There’s a great degree of inevitability in even the most Earth-shattering discoveries. Had Columbus not found the New World, for example, some other ambitious sailor certainly would have; had Newton not discovered gravity, there were plenty of apples ready to knock some sense into the next tree shade-loving scientist; and had there not been the “Judgment of Paris” in 1976, someone would have eventually realized that California’s wines were capable of beating the French at their own global-dominating game.
But ’76 it was when a British wine merchant in Paris decided to host a blind tasting that put France’s best chardonnays and cabernet sauvignons against the Golden State’s finest. And when the Californians emerged victorious in both categories-not to mention repeatedly being confused as French wines by the judges-the wine drinking world was uncorked, as millions suddenly realized that they needn’t be drinking traditional Bordeauxs or Burgundies to be drinking the best.
While realizing California’s wine worth was inevitable, this discovery, like those before it, makes for great storytelling, especially when the Parisian merchant Steven Spurrier proposes the competition to jumpstart his fledgling business and the winning wine from Chateaux Montelena is made by a combative father-son duo living in the post-hippie/pre-pretension Napa Valley. And with the success of 2004’s Sideways-its Oscar-winning effect on Santa Barbara County’s wine sales still reverberate today-revealing that Americans love a good wine movie, it’s high time that Bottle Shock hits the screens.
Starring Alan Rickman as Spurrier, Bill Pullman as Montelena’s Jim Barrett, and his son Bo played by Chris Pine, Bottle Shock features just enough syrupy wine fanaticism to appease (and, at times, annoy) the serious wine drinker, and portrays the industry-altering event-when “a bunch of hicks” from California beat the snooty Francos-in the romantically proper light it deserves. There are ups (you’ll want to try the assistant winemaker’s secret stash) and downs (when good chards go brown), and all the sort of conflicting love interests that make Hollywood go ’round. (The cheese factor, you should be warned, is remarkably high-every time the Barretts reach a tension point, for example, they duke it out in the boxing ring. But what, after all, goes better with wine than cheese 🙂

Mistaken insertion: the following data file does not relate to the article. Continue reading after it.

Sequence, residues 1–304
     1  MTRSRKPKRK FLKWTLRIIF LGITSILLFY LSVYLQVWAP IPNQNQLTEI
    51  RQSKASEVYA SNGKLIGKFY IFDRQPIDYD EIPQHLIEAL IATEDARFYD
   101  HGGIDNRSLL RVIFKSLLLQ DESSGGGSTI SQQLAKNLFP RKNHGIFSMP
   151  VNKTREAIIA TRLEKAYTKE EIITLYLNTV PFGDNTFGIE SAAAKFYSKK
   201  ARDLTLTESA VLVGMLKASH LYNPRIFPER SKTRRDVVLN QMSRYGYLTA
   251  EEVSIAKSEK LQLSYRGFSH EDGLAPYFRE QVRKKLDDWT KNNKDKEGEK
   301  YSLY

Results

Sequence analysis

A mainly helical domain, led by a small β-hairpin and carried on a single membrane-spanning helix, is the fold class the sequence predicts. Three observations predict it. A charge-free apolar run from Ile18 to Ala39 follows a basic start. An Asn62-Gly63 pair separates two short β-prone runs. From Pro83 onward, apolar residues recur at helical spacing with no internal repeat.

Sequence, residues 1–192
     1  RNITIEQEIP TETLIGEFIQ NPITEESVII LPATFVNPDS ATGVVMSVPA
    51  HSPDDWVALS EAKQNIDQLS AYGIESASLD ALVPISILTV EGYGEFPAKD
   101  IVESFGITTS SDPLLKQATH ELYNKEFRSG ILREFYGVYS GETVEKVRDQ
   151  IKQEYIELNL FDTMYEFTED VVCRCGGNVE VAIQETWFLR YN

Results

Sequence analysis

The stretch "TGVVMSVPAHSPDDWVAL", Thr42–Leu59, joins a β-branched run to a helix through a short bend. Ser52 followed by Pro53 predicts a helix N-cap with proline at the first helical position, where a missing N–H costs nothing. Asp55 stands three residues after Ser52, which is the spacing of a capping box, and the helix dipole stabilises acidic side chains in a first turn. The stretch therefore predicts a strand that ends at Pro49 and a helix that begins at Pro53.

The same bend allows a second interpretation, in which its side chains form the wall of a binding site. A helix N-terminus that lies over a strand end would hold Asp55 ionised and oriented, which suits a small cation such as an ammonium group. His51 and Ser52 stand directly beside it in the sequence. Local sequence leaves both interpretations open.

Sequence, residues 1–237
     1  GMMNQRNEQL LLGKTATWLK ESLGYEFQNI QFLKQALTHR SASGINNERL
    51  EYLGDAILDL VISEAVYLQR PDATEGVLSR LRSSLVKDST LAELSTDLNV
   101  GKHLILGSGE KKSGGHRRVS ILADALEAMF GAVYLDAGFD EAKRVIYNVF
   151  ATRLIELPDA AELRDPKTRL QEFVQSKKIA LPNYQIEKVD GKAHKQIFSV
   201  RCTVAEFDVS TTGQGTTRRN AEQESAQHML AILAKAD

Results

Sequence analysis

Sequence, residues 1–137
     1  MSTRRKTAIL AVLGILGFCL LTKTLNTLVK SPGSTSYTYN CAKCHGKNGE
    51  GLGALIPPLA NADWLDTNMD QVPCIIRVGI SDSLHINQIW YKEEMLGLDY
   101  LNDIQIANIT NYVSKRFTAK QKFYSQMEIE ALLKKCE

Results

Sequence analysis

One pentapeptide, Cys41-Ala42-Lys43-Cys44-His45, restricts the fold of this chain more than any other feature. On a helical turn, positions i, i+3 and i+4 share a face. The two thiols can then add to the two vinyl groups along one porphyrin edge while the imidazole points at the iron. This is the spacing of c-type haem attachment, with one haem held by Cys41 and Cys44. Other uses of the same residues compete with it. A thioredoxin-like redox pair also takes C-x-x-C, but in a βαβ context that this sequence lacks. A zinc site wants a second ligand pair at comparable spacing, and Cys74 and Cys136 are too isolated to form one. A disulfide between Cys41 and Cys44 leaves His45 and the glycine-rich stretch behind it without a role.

Though Bottle Shock doesn’t quite have the depressed, blackish humor and eye-opening wine insight of Sideways, winos would be remiss to miss it, if only because you’ll understand some of the lines that your neighbors in the theater won’t. In one scene, a friend of Spurrier declares a wine “bacon fat laced with honey melon”; in another, a Calistoga bartender asks a happily surprised Spurrier, “What were you expecting? Thunderbird?”; and a healthy nod is given to the 1947 Cheval Blanc, considered by many to be the best wine ever, and now topping the price charts at around $5,000.
While it’s not quite legal to smuggle bottles of wine into the Fiesta 5 when the film is scheduled to begin screening next week, here are some New World suggestions for the sneaky, or at least when it comes out on DVD:
Seven Terraces 2005 Sauvignon Blanc: Everyone knows that New Zealand is the brave new world of sauv blancs, and those that come from the Marlborough region are tops. This one, available for about $11 at The Winehound (thewinehound.com; 1221 Chapala St.), should be sipped while remembering that the rest of the wine-making world was officially legitimized by the ’76 Paris tasting.
Foley & Phillips 2007 Santa Ynez Valley Rose: A blend of grenache, syrah, and cinsault, this $11 bottle (again at The Winehound) is made with the French rose style in mind, so drink it as a celebration of Old World being interpreted by the New.
Nadia 2004 Santa Barbara Highlands Vineyard: Though it might not have won in 1976 against Napa or France, this Bordeaux blend from the Cuyama Valley (grown in the former Barnwood Vineyard, made by Laetitia Winery, and selling for $50 at nadiawine.com) is showing why S.B. County’s high desert has great potential for hot weather fruit.